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ARS Home » Midwest Area » Ames, Iowa » National Laboratory for Agriculture and The Environment » Agroecosystems Management Research » Research » Publications at this Location » Publication #296790

Research Project: MANAGING AGRICULTURAL WATER QUALITY IN FIELDS AND WATERSHEDS: NEW PRACTICES AND TECHNOLOGIES

Location: Agroecosystems Management Research

Title: Identifying riparian zones best suited to installation of saturated buffers: a preliminary multiwatershed assessment

Author
item Tomer, Mark
item Jaynes, Dan
item Porter, Sarah
item James, David
item Isenhart, Thomas - Iowa State University

Submitted to: Book Chapter
Publication Type: Book / Chapter
Publication Acceptance Date: 4/4/2017
Publication Date: N/A
Citation: N/A

Interpretive Summary: Saturated riparian buffers are a new type of conservation practice that divert subsurface tile drainage water from direct discharge to surface water into distribution pipes that discharge the tile water into riparian soils. This enables natural processes of biological uptake and denitrification to decrease nutrient loads that are being lost from croplands via tile drains, reducing water quality impacts from agriculture at relatively little cost. This chapter suggests and evaluates draft criteria that identify riparian zones within a watershed that are suited to installation of saturated buffers. Soils and topographic criteria were used to highlight riparian locations where soil conditions should enhance nutrient removal, but also identify locations where risks of streambank failure and/or inundation of crops adjacent to the buffer may occur. Three Midwestern watersheds were used to demonstrate results. Topographic criteria were more restrictive than soils criteria, especially in flat landscapes, but 30 to 60% of streambank lengths in the test watersheds were deemed suitable to installation of saturated buffers. While this information is useful in planning, on-site investigation is needed to design the saturated buffer practice to fit site-specific conditions. This information is of interest to conservationists and water quality planning agencies in Midwest states where agricultural drainage and water quality issues have become associated with one another.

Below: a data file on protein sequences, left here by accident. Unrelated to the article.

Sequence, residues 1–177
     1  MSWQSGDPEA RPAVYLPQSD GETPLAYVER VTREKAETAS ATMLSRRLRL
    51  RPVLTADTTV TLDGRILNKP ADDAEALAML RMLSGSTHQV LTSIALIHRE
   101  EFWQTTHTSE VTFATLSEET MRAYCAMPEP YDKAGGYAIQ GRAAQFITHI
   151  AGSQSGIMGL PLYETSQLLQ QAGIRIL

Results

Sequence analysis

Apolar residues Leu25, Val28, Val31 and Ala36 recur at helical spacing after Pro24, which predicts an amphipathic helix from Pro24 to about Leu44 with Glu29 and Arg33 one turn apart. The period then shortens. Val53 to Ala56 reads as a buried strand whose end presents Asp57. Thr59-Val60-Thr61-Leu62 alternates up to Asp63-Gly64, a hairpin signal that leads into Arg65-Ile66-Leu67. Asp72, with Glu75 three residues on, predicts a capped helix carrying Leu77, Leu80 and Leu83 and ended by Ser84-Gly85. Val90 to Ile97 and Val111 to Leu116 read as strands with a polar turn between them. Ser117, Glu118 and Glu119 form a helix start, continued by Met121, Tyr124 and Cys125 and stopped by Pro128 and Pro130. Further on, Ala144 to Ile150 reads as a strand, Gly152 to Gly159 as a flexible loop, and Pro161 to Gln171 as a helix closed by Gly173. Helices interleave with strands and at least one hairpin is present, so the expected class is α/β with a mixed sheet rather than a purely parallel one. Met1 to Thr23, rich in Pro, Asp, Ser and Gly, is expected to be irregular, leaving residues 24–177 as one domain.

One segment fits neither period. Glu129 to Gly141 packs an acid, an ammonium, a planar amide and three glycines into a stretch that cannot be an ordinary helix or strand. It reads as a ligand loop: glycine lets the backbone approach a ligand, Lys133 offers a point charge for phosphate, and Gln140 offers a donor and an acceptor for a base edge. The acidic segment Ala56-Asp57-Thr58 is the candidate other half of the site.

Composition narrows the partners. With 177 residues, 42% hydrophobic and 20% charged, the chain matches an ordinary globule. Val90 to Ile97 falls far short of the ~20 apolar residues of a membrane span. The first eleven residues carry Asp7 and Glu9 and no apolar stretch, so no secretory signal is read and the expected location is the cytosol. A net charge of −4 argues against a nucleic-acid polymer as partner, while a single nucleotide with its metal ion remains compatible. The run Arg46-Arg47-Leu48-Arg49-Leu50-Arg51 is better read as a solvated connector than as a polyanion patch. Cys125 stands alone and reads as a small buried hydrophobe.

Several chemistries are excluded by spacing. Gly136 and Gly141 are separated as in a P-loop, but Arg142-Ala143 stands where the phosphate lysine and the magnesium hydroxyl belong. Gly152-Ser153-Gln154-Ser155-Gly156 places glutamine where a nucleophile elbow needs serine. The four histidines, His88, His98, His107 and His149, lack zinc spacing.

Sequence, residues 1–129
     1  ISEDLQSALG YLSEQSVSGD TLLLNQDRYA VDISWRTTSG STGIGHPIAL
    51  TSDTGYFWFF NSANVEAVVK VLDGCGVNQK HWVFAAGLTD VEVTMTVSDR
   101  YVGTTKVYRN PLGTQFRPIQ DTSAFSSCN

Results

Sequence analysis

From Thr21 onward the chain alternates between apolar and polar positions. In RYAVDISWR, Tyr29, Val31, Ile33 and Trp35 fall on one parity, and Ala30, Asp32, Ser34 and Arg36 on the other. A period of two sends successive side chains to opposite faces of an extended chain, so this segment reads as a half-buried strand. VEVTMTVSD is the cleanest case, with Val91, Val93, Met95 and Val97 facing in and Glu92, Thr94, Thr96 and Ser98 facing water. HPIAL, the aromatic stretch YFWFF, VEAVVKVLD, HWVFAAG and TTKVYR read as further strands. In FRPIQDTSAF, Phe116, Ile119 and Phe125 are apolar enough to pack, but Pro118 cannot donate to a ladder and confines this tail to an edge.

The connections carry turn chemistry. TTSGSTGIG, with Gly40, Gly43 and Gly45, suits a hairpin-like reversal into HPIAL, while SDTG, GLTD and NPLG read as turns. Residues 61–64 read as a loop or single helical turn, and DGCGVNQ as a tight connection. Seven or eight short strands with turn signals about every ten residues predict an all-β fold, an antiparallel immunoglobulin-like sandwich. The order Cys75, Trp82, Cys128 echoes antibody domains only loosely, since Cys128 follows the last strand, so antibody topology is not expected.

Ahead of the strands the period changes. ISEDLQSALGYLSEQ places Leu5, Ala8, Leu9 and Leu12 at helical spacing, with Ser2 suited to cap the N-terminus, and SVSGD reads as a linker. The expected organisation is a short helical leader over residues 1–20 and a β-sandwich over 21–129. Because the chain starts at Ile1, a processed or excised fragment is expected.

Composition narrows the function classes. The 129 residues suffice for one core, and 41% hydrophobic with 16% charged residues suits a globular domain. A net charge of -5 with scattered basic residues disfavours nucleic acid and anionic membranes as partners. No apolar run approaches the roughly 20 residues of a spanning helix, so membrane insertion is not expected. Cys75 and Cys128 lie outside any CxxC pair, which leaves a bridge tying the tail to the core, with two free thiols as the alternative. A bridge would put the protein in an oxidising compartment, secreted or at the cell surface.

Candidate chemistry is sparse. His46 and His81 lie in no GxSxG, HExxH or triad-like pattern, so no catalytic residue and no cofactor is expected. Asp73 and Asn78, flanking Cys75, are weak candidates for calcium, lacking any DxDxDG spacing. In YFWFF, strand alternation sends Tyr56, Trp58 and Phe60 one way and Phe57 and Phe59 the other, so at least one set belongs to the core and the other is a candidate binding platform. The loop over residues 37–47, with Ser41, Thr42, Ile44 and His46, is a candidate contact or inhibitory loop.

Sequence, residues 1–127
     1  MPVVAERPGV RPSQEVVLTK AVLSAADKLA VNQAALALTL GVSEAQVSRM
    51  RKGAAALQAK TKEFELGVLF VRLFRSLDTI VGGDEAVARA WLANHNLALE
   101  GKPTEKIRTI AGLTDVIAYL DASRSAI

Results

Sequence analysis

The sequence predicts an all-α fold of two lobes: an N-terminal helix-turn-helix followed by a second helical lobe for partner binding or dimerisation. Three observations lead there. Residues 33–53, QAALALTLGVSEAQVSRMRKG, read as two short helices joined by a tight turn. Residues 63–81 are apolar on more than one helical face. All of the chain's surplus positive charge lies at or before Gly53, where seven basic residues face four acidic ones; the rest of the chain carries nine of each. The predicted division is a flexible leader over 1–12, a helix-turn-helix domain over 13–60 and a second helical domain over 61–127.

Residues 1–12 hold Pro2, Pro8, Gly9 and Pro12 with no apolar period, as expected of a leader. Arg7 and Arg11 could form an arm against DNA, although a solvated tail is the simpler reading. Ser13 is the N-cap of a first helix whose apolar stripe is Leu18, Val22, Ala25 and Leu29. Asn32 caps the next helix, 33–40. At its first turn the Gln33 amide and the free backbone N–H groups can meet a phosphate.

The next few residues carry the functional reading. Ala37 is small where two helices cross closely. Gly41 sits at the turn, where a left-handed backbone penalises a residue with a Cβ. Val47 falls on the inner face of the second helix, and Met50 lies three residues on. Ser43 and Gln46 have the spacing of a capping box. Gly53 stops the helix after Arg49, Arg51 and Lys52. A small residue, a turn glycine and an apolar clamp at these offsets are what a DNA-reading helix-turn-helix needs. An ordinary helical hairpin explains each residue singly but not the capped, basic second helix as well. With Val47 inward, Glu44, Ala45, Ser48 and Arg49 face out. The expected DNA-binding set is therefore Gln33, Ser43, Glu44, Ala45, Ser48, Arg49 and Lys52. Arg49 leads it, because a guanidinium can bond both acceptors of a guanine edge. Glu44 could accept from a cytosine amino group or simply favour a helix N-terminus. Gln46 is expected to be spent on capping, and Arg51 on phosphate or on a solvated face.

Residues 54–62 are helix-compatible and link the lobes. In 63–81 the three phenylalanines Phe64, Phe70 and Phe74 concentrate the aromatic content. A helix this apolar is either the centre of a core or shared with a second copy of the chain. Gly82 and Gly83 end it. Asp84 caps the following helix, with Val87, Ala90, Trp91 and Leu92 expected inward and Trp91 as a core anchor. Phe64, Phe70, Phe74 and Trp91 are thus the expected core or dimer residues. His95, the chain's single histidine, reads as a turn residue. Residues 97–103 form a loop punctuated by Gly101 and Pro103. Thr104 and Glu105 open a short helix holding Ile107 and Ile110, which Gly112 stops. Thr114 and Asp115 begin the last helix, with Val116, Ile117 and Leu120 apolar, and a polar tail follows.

Technical Abstract: Saturated riparian buffers are a new type of conservation practice that divert subsurface tile drainage water from direct discharge to surface water into distribution pipes that discharge the tile water into riparian soils. This enables natural processes of biological uptake and denitrification to decrease nutrient loads that are being lost from croplands via tile drains, reducing water quality impacts from agriculture at relatively little cost. This chapter suggests and evaluates draft criteria that identify riparian zones within a watershed that are suited to installation of saturated buffers. Soils criteria, evaluated using soil survey information, include subsurface accumulations of soil organic matter (SOM) (> 1% SOM at 0.75–1.2 m depth), relatively fine-textured subsoils (< 50% sand at 0.75–1.2 m depth), and a shallow water table (< 1 m depth) April through June. These criteria highlight riparian locations where soil conditions should enhance nutrient removal. Criteria are also proposed to avoid locations where streambank failure and/or inundation of crops adjacent to the buffer may occur, which are evaluated using high-resolution digital elevation models, now widely available through LiDAR (light detection and ranging) surveys. The criteria were evaluated in three Midwestern HUC-12 watersheds dominated by fine-grained glacial deposits. Results showed topographic criteria were more restrictive than soils criteria, especially in the flattest landscapes, but 30 to 60% of streambank lengths in the test watersheds were deemed suitable to installation of saturated buffers. This evaluation contributed to inclusion of a saturated buffer siting tool in the Agricultural Conservation Planning Framework (ACPF). Local information is needed to design this practice to fit site conditions.